Synopsis: In the late 1800s, a man arrives in a remote country village to investigate an attack by a wild animal but discovers a much deeper and sinister force that has the manor and its townspeople in its grip.
Stars: Boyd Holbrook, Kelly Reilly, Alistair Petrie, Roxane Duran, Áine Rose Daly
Director: Sean Ellis
Running Length: 113 minutes
TMMM Score: (5/10)
Review: Never underestimate the power of a movie title. While one might argue a great movie will always manage to shine through the worst marketing and release plan a studio can throw at it (hey, the tagline “Collide with Destiny” and cut and paste poster almost sank early materials for 1997’s Titanic!), a memorable title will always be favorable to something entirely insignificant. Would 1992’s Basic Instinct have stirred up that same sharp edge if it went into theaters as Love Hurts? Could Spaceman from Pluto break box office records as well as Back to the Future? There’s no way $3,000 was staying as the title for the Julia Roberts and Richard Gere fairy tale romance Pretty Woman, but the fact that it went into production with it is a minor miracle.
The flip side to that coin is when the change is worse, like The Cursed, which premiered at the 2021 Sundance Film Festival as Eight for Silver. Now, Eight for Silver is a great title and one that stuck in my mind, bolstered by positive notices and the promise of its werewolf tale having some modicum of pedigree. I made a mental note to keep my ear to the ground for it when it popped up, but before I knew it, it had vanished into the ether of the post-festival haze. It was only after I received information on a new film, The Cursed, and investigated it further that I discovered the title change. Going from something unique to what can only be described as lackluster (even where werewolf movies are concerned) speaks to some of the issues with the film itself.
Written and directed by Sean Ellis (Anthropoid), The Cursed begins promisingly enough, dropping us onto the battlefields of World War I before jumping back even further to the 18th-century French estate where one of the soldiers grew up. His family owns the massive manse but may not have a true claim to the Roma-occupied land surrounding it, a slight annoyance to Seamus Laurent (Alistair Petrie, Victor Frankenstein). Banding together with the other estate owners in the area, Laurent has the Romas (often referred to in outdated terminology as gypsies) not just tossed off the land but violently murdered, so they can’t ever return for revenge…at least not in their current form. Before being buried alive in a blood-soaked field and after seeing her husband executed horribly, a woman curses the land and takes with her a silver souvenir we’ve come to understand holds special significance.
Not long after this brutality, the children of the landowners are playing in the field and uncover a set of silver teeth that seem to possess all who encounter them. When one of the boys puts the teeth to good use, a boy is bitten, setting off a chain reaction of events, including a physical transformation and violent attacks that tie back to the original curse. A visiting pathologist (Boyd Holbrook, The Host) with exposure to these kinds of animalistic strikes is called on to track the beast and cure the land of the plague that has descended upon it. As the body count rises, creating other creatures along the way, the pathologist and the mother (Kelly Reilly, Flight) of the bitten boy work in tandem to lure the monster out of its hiding place and into an arena where it can be trapped and dealt with swiftly.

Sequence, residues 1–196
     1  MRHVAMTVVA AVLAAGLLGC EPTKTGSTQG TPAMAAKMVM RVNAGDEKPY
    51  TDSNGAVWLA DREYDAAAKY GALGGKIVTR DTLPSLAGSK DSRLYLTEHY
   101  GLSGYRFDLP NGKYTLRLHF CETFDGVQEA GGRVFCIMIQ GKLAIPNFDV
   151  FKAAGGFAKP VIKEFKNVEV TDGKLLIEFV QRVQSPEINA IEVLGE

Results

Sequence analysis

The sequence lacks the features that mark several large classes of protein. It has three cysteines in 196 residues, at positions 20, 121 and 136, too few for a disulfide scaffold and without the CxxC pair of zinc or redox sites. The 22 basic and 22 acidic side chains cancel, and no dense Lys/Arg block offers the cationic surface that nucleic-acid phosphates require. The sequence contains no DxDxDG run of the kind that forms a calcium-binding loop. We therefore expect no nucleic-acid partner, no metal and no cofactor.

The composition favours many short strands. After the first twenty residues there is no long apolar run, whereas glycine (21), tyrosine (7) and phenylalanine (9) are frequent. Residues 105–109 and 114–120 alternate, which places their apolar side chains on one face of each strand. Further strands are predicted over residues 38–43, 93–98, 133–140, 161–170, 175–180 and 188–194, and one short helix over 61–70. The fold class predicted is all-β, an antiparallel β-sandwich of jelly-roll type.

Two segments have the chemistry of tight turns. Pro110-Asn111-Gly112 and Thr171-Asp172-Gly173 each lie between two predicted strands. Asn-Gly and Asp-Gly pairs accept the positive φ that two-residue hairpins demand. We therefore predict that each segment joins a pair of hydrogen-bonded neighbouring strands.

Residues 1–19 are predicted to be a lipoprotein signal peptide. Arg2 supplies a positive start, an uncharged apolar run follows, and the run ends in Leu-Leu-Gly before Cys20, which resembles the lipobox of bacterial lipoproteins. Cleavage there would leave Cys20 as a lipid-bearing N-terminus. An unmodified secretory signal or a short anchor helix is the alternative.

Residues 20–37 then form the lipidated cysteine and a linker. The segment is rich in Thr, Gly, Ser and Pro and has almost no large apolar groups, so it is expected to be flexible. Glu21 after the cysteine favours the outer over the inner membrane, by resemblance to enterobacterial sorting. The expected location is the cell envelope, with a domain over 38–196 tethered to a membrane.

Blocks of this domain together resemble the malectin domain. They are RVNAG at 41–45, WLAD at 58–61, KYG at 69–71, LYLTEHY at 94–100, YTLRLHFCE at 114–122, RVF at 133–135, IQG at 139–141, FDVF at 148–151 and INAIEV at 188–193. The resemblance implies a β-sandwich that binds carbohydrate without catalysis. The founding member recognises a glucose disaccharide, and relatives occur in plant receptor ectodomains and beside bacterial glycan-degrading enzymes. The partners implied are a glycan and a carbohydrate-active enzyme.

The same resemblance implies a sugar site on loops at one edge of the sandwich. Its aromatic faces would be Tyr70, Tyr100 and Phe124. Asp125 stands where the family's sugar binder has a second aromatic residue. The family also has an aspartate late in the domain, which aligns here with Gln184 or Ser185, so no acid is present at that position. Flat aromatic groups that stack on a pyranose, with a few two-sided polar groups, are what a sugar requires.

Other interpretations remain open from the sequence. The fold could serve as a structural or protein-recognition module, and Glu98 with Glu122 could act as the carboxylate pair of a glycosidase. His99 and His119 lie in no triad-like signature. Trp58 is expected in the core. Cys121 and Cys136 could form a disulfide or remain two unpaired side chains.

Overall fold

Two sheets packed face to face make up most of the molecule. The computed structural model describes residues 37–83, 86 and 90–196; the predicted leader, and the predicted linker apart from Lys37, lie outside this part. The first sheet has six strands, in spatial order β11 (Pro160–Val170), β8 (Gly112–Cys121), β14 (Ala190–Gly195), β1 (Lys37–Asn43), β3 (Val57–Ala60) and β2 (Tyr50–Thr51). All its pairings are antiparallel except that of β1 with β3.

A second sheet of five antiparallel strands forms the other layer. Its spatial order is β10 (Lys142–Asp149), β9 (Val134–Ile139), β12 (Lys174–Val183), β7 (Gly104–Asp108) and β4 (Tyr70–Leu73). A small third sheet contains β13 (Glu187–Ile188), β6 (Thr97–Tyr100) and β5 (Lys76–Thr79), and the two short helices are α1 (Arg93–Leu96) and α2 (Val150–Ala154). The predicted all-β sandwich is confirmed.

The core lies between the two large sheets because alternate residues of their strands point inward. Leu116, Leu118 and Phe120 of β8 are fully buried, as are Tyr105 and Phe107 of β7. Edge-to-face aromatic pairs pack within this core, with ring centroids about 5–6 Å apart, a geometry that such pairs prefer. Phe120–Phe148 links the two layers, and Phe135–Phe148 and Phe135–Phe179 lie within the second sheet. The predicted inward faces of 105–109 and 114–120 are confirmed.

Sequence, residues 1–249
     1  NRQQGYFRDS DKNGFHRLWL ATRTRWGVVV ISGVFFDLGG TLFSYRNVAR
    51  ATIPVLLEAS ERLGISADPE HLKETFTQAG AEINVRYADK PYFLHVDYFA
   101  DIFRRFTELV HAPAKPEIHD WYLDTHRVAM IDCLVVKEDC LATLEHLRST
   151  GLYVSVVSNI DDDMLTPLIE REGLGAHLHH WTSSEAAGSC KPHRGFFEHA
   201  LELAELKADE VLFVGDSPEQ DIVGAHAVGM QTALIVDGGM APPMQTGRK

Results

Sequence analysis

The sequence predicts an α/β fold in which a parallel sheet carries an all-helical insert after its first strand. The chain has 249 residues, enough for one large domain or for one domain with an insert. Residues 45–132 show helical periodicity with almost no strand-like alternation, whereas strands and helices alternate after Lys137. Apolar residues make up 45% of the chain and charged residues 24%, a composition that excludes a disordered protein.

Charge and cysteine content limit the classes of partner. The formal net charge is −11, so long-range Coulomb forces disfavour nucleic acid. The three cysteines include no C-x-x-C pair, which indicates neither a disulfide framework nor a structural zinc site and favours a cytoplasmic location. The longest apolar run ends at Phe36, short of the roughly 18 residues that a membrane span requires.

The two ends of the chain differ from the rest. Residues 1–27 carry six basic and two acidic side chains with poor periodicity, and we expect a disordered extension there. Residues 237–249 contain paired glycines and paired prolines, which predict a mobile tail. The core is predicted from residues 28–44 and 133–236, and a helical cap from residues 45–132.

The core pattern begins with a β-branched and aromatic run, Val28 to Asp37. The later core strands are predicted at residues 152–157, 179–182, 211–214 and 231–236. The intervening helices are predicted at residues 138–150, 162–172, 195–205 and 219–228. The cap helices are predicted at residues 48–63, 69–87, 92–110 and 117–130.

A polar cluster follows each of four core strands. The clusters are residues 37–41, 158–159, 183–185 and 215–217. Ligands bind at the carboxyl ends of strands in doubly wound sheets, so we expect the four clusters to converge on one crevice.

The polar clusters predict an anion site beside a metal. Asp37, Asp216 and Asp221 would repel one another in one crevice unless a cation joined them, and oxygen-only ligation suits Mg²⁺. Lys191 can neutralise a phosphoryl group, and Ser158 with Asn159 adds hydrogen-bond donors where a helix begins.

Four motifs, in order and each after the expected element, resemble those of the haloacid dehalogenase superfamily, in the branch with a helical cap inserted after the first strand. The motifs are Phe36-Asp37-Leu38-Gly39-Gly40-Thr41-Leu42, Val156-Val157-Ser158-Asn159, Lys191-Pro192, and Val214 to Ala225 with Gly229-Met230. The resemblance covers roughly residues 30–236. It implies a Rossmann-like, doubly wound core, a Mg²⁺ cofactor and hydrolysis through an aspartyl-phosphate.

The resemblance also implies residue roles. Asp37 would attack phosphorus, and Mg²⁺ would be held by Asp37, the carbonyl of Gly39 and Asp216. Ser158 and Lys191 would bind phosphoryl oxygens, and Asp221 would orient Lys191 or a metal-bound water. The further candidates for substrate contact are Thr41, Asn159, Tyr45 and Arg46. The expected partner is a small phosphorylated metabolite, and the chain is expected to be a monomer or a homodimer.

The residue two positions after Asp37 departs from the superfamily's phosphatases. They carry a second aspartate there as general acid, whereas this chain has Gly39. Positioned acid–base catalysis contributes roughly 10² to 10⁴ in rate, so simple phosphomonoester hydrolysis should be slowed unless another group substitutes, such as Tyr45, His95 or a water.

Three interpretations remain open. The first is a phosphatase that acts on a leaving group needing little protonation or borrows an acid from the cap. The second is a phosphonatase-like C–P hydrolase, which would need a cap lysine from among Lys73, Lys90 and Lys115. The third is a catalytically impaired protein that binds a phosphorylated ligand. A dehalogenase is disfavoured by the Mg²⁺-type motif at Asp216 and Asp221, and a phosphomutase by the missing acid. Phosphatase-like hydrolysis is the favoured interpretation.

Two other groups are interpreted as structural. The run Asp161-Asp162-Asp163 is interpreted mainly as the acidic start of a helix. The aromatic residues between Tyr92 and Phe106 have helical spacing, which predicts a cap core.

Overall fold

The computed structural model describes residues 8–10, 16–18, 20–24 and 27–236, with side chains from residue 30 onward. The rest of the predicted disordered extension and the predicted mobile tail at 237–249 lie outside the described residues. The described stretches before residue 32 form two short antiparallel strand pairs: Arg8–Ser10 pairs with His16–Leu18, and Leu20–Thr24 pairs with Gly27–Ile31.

The first hour of The Cursed is riveting stuff, with Ellis nicely setting up the tragic series of events that befall the people unfortunate enough to be living in the crosshairs of the hollow-souled Laurent and his cronies. The attack on their camp is shot from a high vantage point in one long take, and it only makes you feel more helpless to what is happening in front of you instead of further removed from the violence being committed. The torture scenes are tough to stomach, making the comeuppance all the more satisfying later on. It does get rocky for a while, though.
The children of the film are where The Cursed starts to feel its namesake. Devoid of much personality, the child actors are somewhat of a black hole of blank stares, yet they are tasked with some important business of narrative tension and plot furthering they aren’t fully equipped to handle. The main pivot point rests in one of the supporting performances and the young dude is not up to the task. It’s much better when “the adults are talking,” so it’s nice that Holbrook and Reilly have such an easy rapport, even if Reilly appears to be choosing each word out of a hat with how intentional each word is released.
The creature effects are decent, but the CGI isn’t stellar; I’ll always opt for the person in the rubber (or furry) suit where these types of films are concerned, and toward the end, too much of this felt like a video game knockoff. The Cursed tends to work the best when there’s no creature at all, and Ellis, who also serves as cinematographer, lets the camera stand in for the stalking beast. It’s hard to do another take on a werewolf film, and while a few new wrinkles are thrown in along the way, it’s often as generic and staid as the title is.